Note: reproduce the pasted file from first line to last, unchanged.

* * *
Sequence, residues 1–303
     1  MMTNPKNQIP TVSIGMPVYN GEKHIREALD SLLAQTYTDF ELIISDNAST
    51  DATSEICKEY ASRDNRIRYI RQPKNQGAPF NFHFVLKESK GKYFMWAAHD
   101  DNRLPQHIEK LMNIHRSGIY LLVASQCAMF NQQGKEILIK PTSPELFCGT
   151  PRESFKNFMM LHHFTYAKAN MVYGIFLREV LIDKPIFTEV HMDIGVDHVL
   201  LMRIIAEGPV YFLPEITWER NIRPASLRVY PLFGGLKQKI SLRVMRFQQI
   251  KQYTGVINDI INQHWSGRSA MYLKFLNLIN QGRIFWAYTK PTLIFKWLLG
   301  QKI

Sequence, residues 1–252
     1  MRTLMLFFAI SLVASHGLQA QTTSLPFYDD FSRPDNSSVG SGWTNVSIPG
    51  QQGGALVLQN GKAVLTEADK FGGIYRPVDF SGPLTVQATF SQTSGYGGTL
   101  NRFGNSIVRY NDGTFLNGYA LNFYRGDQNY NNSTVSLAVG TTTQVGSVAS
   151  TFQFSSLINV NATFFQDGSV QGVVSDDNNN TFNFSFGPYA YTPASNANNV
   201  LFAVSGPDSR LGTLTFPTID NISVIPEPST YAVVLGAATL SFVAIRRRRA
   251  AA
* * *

Sequence, residues 1–303
     1  MMTNPKNQIP TVSIGMPVYN GEKHIREALD SLLAQTYTDF ELIISDNAST
    51  DATSEICKEY ASRDNRIRYI RQPKNQGAPF NFHFVLKESK GKYFMWAAHD
   101  DNRLPQHIEK LMNIHRSGIY LLVASQCAMF NQQGKEILIK PTSPELFCGT
   151  PRESFKNFMM LHHFTYAKAN MVYGIFLREV LIDKPIFTEV HMDIGVDHVL
   201  LMRIIAEGPV YFLPEITWER NIRPASLRVY PLFGGLKQKI SLRVMRFQQI
   251  KQYTGVINDI INQHWSGRSA MYLKFLNLIN QGRIFWAYTK PTLIFKWLLG
   301  QKI

Sequence, residues 1–252
     1  MRTLMLFFAI SLVASHGLQA QTTSLPFYDD FSRPDNSSVG SGWTNVSIPG
    51  QQGGALVLQN GKAVLTEADK FGGIYRPVDF SGPLTVQATF SQTSGYGGTL
   101  NRFGNSIVRY NDGTFLNGYA LNFYRGDQNY NNSTVSLAVG TTTQVGSVAS
   151  TFQFSSLINV NATFFQDGSV QGVVSDDNNN TFNFSFGPYA YTPASNANNV
   201  LFAVSGPDSR LGTLTFPTID NISVIPEPST YAVVLGAATL SFVAIRRRRA
   251  AA